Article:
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  1. #1
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    DGC: any more feedback on the Minute 1.0?

    I have been messing around with my Vanilla 125 for a month now and have not been able to figure out what is wrong with the poor thing My shop has looked at it twice (good mechanic too.) I am only getting 3.5 inches of travel--period. I have changed the oil multiple time and have played around with volumes. (I use an laboratory automatic pipet so my I know my volumes are dead on. The fork has served me very well over the past 2 years but I am sick of have it perform sub par on my most recent rides.

    Anyway...

    Any word on the Minute 1.0 on your spot. I was thinking of getting a Firefly as ALL of my riding buddies are now riding shermans of one kind or another and they have nothing but glowing things to say about them. Also, not one of them has had a single problem even with much "abuse." I still might go with the firefly but thought I would wait to hear about the minute 1.0 first. Thanks.

  2. #2
    DGC
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    some feedback

    Quote Originally Posted by Jaak
    I have been messing around with my Vanilla 125 for a month now and have not been able to figure out what is wrong with the poor thing My shop has looked at it twice (good mechanic too.) I am only getting 3.5 inches of travel--period. I have changed the oil multiple time and have played around with volumes. (I use an laboratory automatic pipet so my I know my volumes are dead on. The fork has served me very well over the past 2 years but I am sick of have it perform sub par on my most recent rides.

    Anyway...

    Any word on the Minute 1.0 on your spot. I was thinking of getting a Firefly as ALL of my riding buddies are now riding shermans of one kind or another and they have nothing but glowing things to say about them. Also, not one of them has had a single problem even with much "abuse." I still might go with the firefly but thought I would wait to hear about the minute 1.0 first. Thanks.
    First off, if you have a stock 2002 Vanilla and are not getting full travel, it generally was the over damped compression on the 2002 fork, if its the 2003, then something might be wrong.
    My Minute 1:00 has about 60 miles on it, not a bunch, but the same rides I did all winter on the Vanilla. First off, the steering seems to be about the same as the Vanilla, even though it has 30mm legs, it has a big long skirt of a crown draping over the top of the stancions adding stiffness to that area, and a beefier lower leg assembly than Vanilla IMO, and the reverse arch thing. So as far as a few rides go, it seems to feel about the same stiffness. Weight was 4 pounds even before cutting the steerer. The medium and big hit performance of the Minute is excellent. I would say a little better than the Vanilla, but not by much. The small bump performance is where the Vanilla excells over the Manitou. I have gotten away with 15 psi. in the SPV chamber, until I started to get a little knock, otherwise at about 25 psi. its gone. The lower psi. allows for a slightly plusher ride. I have been running a lot lower than reccomended. I do notice the lack of wallow in the Minute over the Vanilla, riding through dips, woops etc. is where you would feel the wallow in the Vanilla, the Minute just stands up better in its travel, it just needs some lighter valving in the small bump area. You get more control through the deep braking bumps and woops the motorcycles have made, high speed sharp edged hits actually are smoothed out well, its really the slow speed stuff that bothers my hands a touch, but I also have problems in my hands so dont read a bunch into this.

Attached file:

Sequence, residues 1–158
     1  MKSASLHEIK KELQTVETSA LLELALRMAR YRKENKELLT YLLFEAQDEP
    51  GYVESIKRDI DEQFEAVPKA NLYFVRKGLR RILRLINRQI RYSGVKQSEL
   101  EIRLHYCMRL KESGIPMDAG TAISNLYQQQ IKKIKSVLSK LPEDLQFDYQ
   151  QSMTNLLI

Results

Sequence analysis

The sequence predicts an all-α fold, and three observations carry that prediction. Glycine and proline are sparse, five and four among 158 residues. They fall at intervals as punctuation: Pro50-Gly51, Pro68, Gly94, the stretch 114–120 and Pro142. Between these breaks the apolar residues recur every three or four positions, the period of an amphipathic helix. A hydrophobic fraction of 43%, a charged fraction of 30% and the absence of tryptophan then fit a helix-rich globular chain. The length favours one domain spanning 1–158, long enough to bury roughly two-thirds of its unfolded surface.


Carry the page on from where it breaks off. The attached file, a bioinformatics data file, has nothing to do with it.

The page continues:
The travel wind down thing is fine I guess, I was and still am not really into that kinda thing, it lowers the front on really steep stuff, but I just got use to it on my Vanilla at 125mm all the time. The Minute delivers every mm of the claimed 130mm travel too. Generally with the Swinger 3 way air on back and the Minute up front, the bike stays much more level in many different situations, not the pitching fore and aft the Fox would do. All in all, I like the Minute enough to stay with it for now, it also matches the swinger 3 way air much better than the Vanilla does. And........no dreaded Fox clunk or mysterious noises, kinda nice running a quiet fork. I am interested to see how it does on our local trails in a few weeks as they start to open, trails that are a lot more demanding then the winter stuff, though Auburn does have excellent trails to test suspension stuff on. Thats it for now.